On May 28, 2010, the IRS disclosed that the IRS has determined that registered domestic partners in California may receive many, but not all, of the tax benefits available to married couples. The change is retroactive to 2007, but has less legal weight than a full fledged tax regulation. It consists of a private letter ruling and two chief counsel advice memorandums. The determination reverses a ruling made in 2006 on the issue on the grounds that California property law changed in 2007.
This is the biggest non-statutory pro-gay rights step under federal tax law in U.S. history. Previous statutory changes to the tax law have been far more timid.
The logic of the ruling is that the extension of full community property treatment to domestic partners in 2007 splits all income and expenses of the couple for tax purposes. In a community property regime all of one spouse's earnings become 50% the property of the other spouse at the moment they are earned.
In contrast, in non-community property states, like Colorado, a spouse's interest in property is generally inchoate. It arises only in the context of divorce proceedings or at death, absent special statutory and common law rules like those that apply to retirement accounts or statutory presumptions that the non-titled personal property of married couples is owned jointly.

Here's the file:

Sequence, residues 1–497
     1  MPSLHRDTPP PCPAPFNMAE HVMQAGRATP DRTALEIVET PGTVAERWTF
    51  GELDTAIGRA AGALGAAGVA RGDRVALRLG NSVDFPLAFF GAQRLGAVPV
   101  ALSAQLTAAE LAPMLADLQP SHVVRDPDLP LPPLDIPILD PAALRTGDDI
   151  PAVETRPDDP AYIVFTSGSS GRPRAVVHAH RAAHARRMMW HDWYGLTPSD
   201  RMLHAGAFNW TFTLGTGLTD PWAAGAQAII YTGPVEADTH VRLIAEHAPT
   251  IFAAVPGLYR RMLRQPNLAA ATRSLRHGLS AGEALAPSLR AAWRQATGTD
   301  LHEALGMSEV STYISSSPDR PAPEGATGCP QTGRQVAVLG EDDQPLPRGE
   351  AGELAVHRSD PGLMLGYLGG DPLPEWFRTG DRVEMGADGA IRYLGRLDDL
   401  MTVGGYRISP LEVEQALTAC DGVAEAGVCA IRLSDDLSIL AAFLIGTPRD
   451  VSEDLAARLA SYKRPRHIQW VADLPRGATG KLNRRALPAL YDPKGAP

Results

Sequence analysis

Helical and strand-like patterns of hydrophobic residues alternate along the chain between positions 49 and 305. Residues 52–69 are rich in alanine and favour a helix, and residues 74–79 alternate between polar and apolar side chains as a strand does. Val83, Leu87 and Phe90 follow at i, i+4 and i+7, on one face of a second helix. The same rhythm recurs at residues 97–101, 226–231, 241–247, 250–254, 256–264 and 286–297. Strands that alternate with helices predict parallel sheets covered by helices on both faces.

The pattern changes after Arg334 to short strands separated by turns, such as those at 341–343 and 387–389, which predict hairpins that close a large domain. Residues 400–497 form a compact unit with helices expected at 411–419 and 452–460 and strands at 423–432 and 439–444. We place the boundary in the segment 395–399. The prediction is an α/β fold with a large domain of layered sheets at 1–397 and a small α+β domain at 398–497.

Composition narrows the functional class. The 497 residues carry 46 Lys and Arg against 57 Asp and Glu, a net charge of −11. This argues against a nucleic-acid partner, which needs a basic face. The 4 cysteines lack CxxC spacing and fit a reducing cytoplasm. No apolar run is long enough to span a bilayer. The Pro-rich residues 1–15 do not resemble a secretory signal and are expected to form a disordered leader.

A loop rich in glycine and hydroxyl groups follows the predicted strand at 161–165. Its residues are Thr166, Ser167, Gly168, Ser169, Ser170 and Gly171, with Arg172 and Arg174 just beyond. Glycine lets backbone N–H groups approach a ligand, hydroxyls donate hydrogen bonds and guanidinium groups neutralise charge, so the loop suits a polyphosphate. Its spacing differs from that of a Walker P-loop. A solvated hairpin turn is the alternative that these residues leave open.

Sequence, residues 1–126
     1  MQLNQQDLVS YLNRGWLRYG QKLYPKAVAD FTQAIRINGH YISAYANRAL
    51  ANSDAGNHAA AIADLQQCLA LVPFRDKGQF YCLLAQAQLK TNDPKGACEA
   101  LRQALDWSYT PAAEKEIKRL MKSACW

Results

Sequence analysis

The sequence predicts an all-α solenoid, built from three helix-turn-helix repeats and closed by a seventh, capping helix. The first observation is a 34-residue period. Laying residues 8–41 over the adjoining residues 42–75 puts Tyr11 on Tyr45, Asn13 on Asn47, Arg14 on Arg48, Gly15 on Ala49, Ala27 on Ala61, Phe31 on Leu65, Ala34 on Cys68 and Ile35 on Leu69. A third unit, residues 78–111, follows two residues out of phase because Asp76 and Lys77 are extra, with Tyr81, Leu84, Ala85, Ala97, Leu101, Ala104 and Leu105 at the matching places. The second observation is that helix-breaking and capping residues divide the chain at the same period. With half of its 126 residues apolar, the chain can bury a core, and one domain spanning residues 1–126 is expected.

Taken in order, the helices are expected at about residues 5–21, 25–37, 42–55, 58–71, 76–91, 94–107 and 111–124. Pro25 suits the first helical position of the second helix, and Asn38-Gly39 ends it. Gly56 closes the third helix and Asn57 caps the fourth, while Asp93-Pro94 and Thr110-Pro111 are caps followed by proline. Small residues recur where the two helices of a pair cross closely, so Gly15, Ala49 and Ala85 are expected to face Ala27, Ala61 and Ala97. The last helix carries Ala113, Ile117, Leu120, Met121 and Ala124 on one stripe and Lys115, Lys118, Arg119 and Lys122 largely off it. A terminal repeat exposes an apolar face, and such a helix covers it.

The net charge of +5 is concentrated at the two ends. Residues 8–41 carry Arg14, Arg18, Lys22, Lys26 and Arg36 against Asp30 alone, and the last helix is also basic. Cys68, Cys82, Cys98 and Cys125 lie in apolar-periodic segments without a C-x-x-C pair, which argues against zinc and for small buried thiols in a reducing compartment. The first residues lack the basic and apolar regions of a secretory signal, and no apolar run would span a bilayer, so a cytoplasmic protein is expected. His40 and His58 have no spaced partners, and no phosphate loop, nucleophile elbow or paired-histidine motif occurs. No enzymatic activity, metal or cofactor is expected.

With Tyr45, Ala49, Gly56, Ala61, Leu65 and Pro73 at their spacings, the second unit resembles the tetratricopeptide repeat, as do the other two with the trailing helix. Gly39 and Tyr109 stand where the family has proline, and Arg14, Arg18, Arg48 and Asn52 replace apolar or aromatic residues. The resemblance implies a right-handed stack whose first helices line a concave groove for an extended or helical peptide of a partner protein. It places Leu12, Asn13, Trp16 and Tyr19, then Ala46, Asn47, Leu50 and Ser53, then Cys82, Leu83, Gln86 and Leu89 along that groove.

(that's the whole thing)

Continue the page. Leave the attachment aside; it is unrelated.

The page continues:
Historically, joint return treatment for married couples was also effectively forced by IRS efforts to deal with community property rights of married couples. The key U.S. Supreme court case in that episode in tax history, Poe v. Seaborn, 282 U.S. 101 (1930), which is now largely irrelevant due to statutory changes in the tax law, was applied by the IRS to domestic partners with community property rights.
In some cases, this causes California registered domestic partners to receive better tax treatment than a comparable married couple would, mostly because they do not have to use less favorable married filing separately income tax brackets.
The change in IRS treatment may have limited applicability outside California, however. Generally, the separate or community property character of newly acquired property is determined in the place where it is acquired. If a married couple lives in California for fifteen years the property acquired in that phase of their marriage would be community property, but if they then move to Ohio (a separate property state) the property acquired thereafter would not be community property.
Under that reasoning, California registered domestic partners who move to Colorado would not be able to split their new income under the IRS ruling. The ruling also points the way towards a legislative strategy that can be used to end most of the discriminatory effects of federal tax laws on same sex couples even in states where marriage is prohibited by state constitutions.